be irrelevant to the philosophical point that we will make. For

instance, there is nothing about the physics we know today that

suggests that the Universe could not be replaced by a discrete and

finite model that approximated it so closely that we, its

inhabitants, could not tell the difference. That a vast amount of

CPU-time would be needed is irrelevant, since that time bears no

relation to the subjective time that the inhabitants of the Universe

would perceive. In fact, since we can choose to picture our Universe

not as a 3D world where things happen, but as a 4D world that merely

is, there is no need for the computer to compute anything at all --

it could simply store all the 4D data, and the "simulated" world

would still have PE. Clearly the way in which the data is stored

should not matter, so the amount of PE we attribute to the stored

Universe should be invariant under data compression. The physical

laws provide a great means of data compression, since they make it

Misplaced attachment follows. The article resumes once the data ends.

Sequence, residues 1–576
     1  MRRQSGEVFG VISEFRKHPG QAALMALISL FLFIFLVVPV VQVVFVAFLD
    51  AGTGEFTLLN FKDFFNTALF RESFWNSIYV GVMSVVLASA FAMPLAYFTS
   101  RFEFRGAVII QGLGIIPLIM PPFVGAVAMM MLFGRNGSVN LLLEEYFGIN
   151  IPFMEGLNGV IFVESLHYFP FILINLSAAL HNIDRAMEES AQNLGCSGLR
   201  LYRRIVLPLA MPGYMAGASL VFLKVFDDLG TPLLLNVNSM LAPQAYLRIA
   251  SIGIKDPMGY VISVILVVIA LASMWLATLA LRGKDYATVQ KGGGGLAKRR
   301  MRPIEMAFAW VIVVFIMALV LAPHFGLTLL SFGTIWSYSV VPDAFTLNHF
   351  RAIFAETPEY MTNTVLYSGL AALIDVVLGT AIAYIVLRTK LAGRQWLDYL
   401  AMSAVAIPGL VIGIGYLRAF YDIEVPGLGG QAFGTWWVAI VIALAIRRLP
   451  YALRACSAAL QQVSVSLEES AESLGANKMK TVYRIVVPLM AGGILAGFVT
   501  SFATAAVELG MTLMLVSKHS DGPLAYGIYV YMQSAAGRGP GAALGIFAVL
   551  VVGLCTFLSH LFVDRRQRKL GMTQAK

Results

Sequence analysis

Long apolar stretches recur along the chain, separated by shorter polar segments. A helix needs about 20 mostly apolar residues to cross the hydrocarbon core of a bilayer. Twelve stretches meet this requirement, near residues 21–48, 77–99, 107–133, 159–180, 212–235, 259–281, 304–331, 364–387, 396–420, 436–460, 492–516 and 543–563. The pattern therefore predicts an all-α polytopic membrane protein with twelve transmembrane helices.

sufficient to store the initial data at some time together with the

equations and an integration routine. In fact, this should suffice

even if the computer lacks the CPU power and memory required to

perform the decompression. The initial data might be simple as well,

containing so little algorithmic information that a single CD-ROM

would suffice to store it. After all, all that needs to be stored

is a description of the mathematical structure that is isomorphic to

the simulated universe. Now the ultimate question forces itself

upon us: for this Universe to have PE, is the CD-ROM really needed

at all? If this magic CD-ROM could be contained within the simulated

Universe itself, then it would "recursively" support its own PE.

This would not involve any catch-22 "hen-and-egg" problem regarding

whether the CD-ROM or the Universe existed first, since the Universe

is a 4D structure which just is ("creation" is of course only a

meaningul notion within a spacetime). In summary, a mathemtaical

structure with SASs would have PE if it could be described purely

formally (to a computer, say) -- and this is of course little else

than having mathematical existence.

-- Chris Maloney http://www.chrismaloney.com "Donuts are so sweet and tasty." -- Homer SimpsonReceived on Fri Jul 30 1999 - 04:15:49 PDT